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Benton Park

Eau de Parfum
Edition of 50

Shawn Maher - Maher Olfactive & Chatillon Lux

Shawn: Benton Park for American Perfumer: Evolving Tradition with Tuberose and Vetiver

For the past year, I’ve been working with Dave on a new perfume. Of course, as two guys who adore vetiver, we spoke about the terroirs and the infinite possibilities of this wildly varied root. Maybe it was the same conversation or one in close proximity, but we also spoke about tuberose. Many times, the absolute always tends to end up in a thick, dense accord, ignoring the uplifting zestiness that one smells when sniffing the air around the flower itself.

In researching headspace analysis of tuberose, which determines the molecules in the air around the actual living flower, it was the exact inspiration I was searching for, this modern technology finding a way to find a new lens through which to view this traditional note. Not reinvented, but to repeat a word, reframed.

More on that process later. But first, why the name Benton Park?

Benton Park is one of my favorite historical neighborhoods in Saint Louis. It sits between my home neighborhood of Marine Villa and the Soulard, the city’s oldest neighborhood (and the location of my studio). The name itself pays homage to Thomas Hart Benton, whose regionalist painting style was inspired by our shared river city hometown.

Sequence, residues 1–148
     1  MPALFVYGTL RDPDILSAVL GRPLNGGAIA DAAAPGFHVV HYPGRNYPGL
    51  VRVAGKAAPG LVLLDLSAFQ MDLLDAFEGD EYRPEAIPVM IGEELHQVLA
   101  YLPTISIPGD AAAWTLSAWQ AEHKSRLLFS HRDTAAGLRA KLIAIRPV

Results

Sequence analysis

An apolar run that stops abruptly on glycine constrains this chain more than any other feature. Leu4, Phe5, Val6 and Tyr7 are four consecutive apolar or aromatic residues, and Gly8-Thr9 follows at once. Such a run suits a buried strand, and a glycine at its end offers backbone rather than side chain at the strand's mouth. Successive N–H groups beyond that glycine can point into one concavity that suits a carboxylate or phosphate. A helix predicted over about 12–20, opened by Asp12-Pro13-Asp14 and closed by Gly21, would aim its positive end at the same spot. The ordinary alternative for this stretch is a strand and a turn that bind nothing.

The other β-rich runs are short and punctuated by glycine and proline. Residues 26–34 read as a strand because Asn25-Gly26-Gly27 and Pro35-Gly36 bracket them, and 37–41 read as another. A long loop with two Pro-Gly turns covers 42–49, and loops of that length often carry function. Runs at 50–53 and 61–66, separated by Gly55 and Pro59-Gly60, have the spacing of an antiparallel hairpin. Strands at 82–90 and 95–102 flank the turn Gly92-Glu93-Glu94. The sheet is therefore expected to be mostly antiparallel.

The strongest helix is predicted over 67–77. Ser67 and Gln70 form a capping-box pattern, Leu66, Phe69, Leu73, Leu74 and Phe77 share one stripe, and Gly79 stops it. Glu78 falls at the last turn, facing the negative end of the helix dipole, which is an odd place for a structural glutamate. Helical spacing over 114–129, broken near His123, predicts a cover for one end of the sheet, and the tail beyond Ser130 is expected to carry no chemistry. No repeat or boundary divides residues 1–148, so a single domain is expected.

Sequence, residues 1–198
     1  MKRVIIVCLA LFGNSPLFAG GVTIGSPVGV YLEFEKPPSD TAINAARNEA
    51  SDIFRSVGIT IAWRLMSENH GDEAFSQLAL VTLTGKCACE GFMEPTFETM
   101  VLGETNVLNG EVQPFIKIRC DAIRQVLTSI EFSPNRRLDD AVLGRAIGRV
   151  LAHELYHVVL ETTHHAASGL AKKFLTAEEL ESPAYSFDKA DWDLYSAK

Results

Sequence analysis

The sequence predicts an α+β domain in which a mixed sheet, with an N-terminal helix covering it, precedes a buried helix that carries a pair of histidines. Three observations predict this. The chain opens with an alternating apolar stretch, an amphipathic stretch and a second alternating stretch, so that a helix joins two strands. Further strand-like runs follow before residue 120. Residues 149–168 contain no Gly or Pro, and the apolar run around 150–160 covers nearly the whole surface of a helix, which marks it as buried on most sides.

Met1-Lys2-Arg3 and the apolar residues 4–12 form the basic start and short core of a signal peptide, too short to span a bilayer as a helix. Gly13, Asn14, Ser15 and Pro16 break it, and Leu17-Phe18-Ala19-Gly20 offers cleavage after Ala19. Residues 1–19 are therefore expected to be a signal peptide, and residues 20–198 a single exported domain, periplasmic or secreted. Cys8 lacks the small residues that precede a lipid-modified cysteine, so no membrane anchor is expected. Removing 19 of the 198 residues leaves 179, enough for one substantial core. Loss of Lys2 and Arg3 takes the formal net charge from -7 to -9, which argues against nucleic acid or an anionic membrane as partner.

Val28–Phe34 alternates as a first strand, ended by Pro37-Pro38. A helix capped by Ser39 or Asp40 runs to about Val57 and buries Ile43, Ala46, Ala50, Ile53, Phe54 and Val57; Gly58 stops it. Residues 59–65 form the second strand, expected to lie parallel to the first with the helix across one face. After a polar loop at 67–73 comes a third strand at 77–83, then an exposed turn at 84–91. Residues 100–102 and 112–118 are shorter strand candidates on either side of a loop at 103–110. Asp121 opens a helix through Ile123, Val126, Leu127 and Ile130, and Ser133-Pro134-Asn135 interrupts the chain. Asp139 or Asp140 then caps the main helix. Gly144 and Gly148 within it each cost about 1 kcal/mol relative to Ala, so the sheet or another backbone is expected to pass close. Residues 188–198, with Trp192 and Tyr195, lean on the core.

Funnily enough, among the up-and-coming artists that Benton mentored was Jackson Pollock. This metaphor is perfect for the fragrance: the contrast of old and new, traditionalism vs abstract expressionism. Just like Benton Park, where centuries-old buildings, including the Anheuser-Busch brewery, frame an urban revitalization fueled by new ideas and fresh perspectives. It is a story full of parallels and juxtapositions.

Before we dig into the two accords, I must say that the fulcrum of this fragrance lies completely within methyl benzoate. This material, featured in both tuberose and gardenia, is minty but with a texture you can almost feel with your fingertips when you smell it, one that immediately evokes the same texture that I get from a great vetiver.

However, the two biggest components of this tuberose accord are a bright, citrus zesty note and a cold, spearmint note augmented by a small dose of blue gum eucalyptus. To fill out the accord further, I used then an onslaught of notes to create the fleshy, fruity body of the tuberose without weighing it down. Finally, I added some green notes found in the headspace along with some of my own expression (violet leaf absolute, amongst others), then a spicy kick filled out with a creamy vanilla touch.

The vetiver accord, however, is based on three vetivers. A double distilled vetiver smooths out all the rough edges of the vetiver, creating a rich, elegant base. Vetiver from India creates more of a woody, green note, while the earthy grassiness of Haitian vetiver gives it a stronger top note and bridges the gap to the tuberose perfectly.

And finally, a trio of musks ground the whole thing and gives it levity.

I truly believe this is a perfume lover’s perfume. One that appeals to students of the history of perfume, or really one for those who love vetiver, love pushing art beyond the possibilities of artificial constraints and one that can redefine what tuberose can be, who wears it and how it is perceived.

Dave: A novel tuberose and vetiver design that captures the essence of the living flower and the ground that it grows from, and perfectly showcases the invigorating power and layered complexity of it's featured notes.

Benton Park Notes: Tuberose, Vetiver.


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